Whole Systems Foundation

Taking an Integrated View of the Biosphere

Home Project Plastic Planet About Grants Reports Archived Site

Featured Articles

Recycling

We have made progress in some areas, but the recycling rate for plastic bottles hovers around 25%. The recycling rate for all plastics in 2008 was 7.1% leaving 28 million tons to sit in landfills and dumps.
Read more...

Resource Depletion and Economic Development

It is clear that we live on a planet with finite resources and it is not possible for every inhabitant to consume at the same rate as the industrialized nations. We have no option but to transform our society into one that lives on a fraction of our current energy and resource use.
Read more...

The Case for
Negative Growth

The Elephant in the Room:In a world powered by petroleum and constructed of steel, cement and plastic, one would expect that some consideration would be given to limits. Governments around the world, however continue to advocate for a growing GDP and spend only a pittance to fund worldwide family planning.
Read More...

Food Security

The green revolution is has run its course. Will the world run out of food soon? Can the promise of GM foods save us or will it lead to the greatest famine we have experienced yet?
Read more...


Recycling and Pyrolysis of Plastic

By Melanie Smith

Download Article (302 KB)

Plastics are durable and degrade very slowly; the molecular bonds that make plastic so durable make it equally resistant to natural processes of degradation. Since the 1950s, one billion tons of plastic has been discarded and may persist for hundreds or even thousands of years.

Unfortunately, recycling plastics has proven difficult. One of the biggest problem with plastic recycling is that it is difficult to automate the sorting of plastic waste, and so it is labor intensive. Typically, waste plant workers sort the plastic by looking at the resin identification code; though common containers like soda bottles can be sorted from memory. Plastic is also sorted with float/sink water tests and wind tests. There are machines that sort with laser technology and can differentiate between most of the known plastics. Other recyclable materials, such as metals, are easier to process mechanically. However, new mechanical sorting processes are being utilized to increase plastic recycling capacity and efficiency.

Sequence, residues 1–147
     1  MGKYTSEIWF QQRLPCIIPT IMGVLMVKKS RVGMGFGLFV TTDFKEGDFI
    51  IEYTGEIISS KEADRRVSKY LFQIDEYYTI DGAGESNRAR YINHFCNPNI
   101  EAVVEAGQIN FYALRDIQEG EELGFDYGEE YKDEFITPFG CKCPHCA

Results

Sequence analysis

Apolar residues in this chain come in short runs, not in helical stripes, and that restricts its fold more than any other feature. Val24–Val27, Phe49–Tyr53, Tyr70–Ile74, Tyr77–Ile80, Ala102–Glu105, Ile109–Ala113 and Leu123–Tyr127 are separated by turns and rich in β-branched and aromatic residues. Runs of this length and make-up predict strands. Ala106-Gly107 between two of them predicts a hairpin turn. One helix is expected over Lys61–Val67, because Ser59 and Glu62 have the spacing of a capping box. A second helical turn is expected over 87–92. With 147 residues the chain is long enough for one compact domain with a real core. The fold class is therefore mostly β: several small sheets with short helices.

While bottles are made from a single type of plastic, making them relatively easy to sort out, a consumer product like a cellular phone may have many small parts consisting of over a dozen different types and colors of plastics. In a case like this, the resources it would take to separate the plastics far exceed their value and the item is discarded. However, developments are taking place in the field of Active Disassembly, which may result in more consumer product components being re-used or recycled. Recycling certain types of plastics can be unprofitable, as well. For example, polystyrene is rarely recycled because it is usually not cost effective. These unrecycled wastes are typically disposed of in landfills, incinerated or used to produce electricity at waste-to-energy plants.


Testing plastic with laser equipment to determine type at the MBA Polymer plant in Richmond, CA. The small white pipe is held to the laser sensor and the screen reads the type, in this case it is PE.


The only recyclable plastics in curbside or household recycling are number 1, PET, and 2, HDPE. The majority of this is exported to China where it is reprocessed. Plastic film is gathered at markets and is remanufactured into decking. In fact it is the only recycled plastic that stays in the US for reprocessing and reuse in its new form. The majority of other recycled plastics are shipped to Asia or Canada and then often returned to the US in its new product form.